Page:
Mike Rizzo on the Nationals’ trade deadline


“I wouldn’t describe it as disappointed,” Rizzo said. “We did a lot of work on it. We worked extremely hard to do the right thing, get the right player for the right return. It just didn’t match up. It’s frustrating at times, but you can’t make a deal just to make a deal. The players that we were going to have to give up in our minds, it didn’t fulfill what we were trying to do for the long-term.”

Storen endured what he called “probably the weirdest day of my career” waiting for the trade to happen or not. Rizzo was asked constantly about Storen, but never found a return suitable for dealing a player he has described as “a core piece” of the Nationals’ future.

“Drew was asked about by just about every team we talked to,” Rizzo said. “I’ve said from Day 1 that’s he’s a cornerstone of the organization. And he’s asked by every team that we talked – he’s the first thing that they want. It would have to be a special deal to make that work, because he’s a special performer at a premium position. It just didn’t match up to our likings, and there was no deal made.”

Down to today, Rizzo still had “ongoing discussions” with four teams. As the deadline neared, the Nationals came very close to one trade, but couldn’t make it work.

“We got to a very specific stage towards the deadline today,” Rizzo said. “But again, it was to the point where we would have had to have given into their demand of certain players, and we just didn’t feel good about doing it.”

Since the beginning of the season, the Nationals’ top priority has been acquiring a center fielder who could provide a long-term answer. The Nationals had discussions this month with the Rays about B.J. Upton, the Twins about Denard Span and the Astros about Michael Bourn, who was traded to the Braves today.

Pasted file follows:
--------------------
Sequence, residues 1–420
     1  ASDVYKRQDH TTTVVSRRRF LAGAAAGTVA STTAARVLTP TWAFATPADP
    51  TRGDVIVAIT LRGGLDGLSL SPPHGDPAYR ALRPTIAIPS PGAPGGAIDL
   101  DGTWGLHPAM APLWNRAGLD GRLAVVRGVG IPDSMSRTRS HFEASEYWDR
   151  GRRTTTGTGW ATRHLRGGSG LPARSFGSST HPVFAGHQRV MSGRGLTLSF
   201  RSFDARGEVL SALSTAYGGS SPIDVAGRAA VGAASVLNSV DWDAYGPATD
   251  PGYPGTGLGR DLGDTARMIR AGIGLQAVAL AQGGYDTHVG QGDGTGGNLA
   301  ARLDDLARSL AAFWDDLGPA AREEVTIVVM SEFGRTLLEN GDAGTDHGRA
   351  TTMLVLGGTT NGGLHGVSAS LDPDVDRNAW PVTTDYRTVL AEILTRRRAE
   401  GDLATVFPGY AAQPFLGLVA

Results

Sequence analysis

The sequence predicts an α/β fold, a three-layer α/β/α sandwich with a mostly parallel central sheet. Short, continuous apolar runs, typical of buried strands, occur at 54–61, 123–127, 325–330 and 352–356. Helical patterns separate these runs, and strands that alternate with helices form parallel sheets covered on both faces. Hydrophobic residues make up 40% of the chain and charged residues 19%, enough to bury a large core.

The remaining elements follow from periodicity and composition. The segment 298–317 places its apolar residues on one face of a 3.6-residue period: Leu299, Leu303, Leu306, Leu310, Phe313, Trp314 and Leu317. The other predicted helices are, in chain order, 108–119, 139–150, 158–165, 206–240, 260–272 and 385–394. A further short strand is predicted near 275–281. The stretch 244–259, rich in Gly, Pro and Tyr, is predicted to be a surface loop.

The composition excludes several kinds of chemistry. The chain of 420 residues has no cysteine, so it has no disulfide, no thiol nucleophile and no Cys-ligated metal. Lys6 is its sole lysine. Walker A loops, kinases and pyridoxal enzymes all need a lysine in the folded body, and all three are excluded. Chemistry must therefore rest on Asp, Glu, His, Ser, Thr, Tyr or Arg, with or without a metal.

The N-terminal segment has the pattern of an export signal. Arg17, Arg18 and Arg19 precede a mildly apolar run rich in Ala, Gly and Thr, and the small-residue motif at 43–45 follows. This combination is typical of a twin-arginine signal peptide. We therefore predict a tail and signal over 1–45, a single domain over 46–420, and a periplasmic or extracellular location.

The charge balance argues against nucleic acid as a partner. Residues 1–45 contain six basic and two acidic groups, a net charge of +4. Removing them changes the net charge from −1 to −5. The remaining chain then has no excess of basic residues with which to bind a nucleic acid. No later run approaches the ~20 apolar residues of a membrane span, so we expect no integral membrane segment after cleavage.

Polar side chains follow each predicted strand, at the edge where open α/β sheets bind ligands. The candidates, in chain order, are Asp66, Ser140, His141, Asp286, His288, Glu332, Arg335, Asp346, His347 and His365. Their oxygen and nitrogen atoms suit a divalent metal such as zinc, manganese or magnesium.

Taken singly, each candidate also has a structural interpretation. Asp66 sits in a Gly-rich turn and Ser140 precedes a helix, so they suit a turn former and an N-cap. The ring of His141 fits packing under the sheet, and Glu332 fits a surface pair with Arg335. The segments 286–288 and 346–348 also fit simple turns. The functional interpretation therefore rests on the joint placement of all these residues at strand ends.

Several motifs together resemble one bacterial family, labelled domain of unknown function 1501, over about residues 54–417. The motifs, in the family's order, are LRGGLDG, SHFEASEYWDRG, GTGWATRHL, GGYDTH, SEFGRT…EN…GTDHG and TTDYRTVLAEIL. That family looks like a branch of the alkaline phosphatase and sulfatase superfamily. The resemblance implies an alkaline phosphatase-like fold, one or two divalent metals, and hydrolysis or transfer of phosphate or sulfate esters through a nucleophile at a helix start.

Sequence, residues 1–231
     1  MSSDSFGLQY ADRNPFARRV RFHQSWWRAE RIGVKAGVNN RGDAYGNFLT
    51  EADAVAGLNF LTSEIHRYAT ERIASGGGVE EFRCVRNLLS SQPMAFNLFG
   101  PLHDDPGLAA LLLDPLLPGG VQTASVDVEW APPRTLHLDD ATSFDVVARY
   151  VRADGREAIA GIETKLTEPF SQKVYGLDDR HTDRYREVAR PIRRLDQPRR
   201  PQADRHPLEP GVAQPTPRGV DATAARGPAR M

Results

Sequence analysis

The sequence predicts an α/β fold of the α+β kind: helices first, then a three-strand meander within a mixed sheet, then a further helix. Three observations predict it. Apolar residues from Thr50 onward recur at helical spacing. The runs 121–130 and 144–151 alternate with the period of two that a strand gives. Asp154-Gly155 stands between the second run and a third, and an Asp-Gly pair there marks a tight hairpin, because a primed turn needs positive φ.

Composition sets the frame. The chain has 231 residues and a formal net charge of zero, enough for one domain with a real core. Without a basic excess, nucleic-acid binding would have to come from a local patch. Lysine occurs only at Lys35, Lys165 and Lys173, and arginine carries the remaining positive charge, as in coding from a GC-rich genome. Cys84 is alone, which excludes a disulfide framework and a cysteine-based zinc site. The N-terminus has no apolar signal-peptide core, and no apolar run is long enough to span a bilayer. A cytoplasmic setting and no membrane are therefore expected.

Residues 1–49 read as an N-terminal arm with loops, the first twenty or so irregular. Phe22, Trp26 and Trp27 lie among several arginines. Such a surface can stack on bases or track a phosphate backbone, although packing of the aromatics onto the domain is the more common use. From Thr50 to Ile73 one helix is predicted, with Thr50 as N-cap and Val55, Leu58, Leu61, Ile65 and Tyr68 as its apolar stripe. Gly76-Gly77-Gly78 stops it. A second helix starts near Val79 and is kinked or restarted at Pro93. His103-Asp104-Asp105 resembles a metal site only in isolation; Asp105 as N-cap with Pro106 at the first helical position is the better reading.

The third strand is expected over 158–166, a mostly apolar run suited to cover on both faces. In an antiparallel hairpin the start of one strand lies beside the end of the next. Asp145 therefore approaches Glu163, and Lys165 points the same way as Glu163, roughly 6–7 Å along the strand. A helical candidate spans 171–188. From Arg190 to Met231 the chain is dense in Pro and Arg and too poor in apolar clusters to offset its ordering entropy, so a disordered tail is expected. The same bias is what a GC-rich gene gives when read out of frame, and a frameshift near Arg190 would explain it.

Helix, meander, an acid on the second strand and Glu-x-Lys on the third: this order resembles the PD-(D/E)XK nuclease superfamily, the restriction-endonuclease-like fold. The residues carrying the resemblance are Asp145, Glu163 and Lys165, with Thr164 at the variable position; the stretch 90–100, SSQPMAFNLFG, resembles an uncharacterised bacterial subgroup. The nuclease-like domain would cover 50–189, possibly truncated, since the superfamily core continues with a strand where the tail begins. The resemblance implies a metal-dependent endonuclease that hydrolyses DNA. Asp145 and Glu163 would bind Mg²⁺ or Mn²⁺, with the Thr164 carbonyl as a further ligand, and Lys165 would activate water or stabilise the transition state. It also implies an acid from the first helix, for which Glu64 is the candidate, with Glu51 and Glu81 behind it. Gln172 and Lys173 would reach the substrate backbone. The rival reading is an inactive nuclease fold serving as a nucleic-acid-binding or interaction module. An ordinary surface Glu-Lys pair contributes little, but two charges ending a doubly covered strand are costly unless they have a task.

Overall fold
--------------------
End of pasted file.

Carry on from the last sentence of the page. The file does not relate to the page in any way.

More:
The Nationals’ search for a center fielder will have to wait for the offseason. Rizzo expressed confidence the Nationals could have a center fielder in their farm system, just not an immediate answer. Class A Potomac outfielders Eury Perez and Destin Hood could play center, and even Bryce Harper has time there.

“We’re always going to be looking out there to be creative in ways to try and find it,” Rizzo said. “We’re always trying to develop our own. We have several players in the pipeline. They’re not immediate answers right now. But we feel that we have future answers at the position. That was one of the reasons I didn’t feel like taking a short-term approach to the position. We’ve got guys in the system that will be fine everyday center fielders in the future. They’re going to be down the road a year or two. For us to bridge the gap with a one-year plan didn’t work for me for the players we had to give and the money that had to be spent.”

Just because the trade deadline doesn’t mean the Nationals are definitely done. The Nationals could make a trade in August by sending players through waivers, and candidates include infielder Alex Cora, reliever Todd Coffey and starters Tom Gorzelanny and Livan Hernandez.

“We’re a very aggressive staff here,” Rizzo said. “I’m an aggressive GM. And if it calls for us to make a deal that will improve us in the long term, we definitely will.”

Adam Kilgore covers national sports for the Washington Post. Previously he served as the Post's Washington Nationals beat writer from 2010 to 2014.

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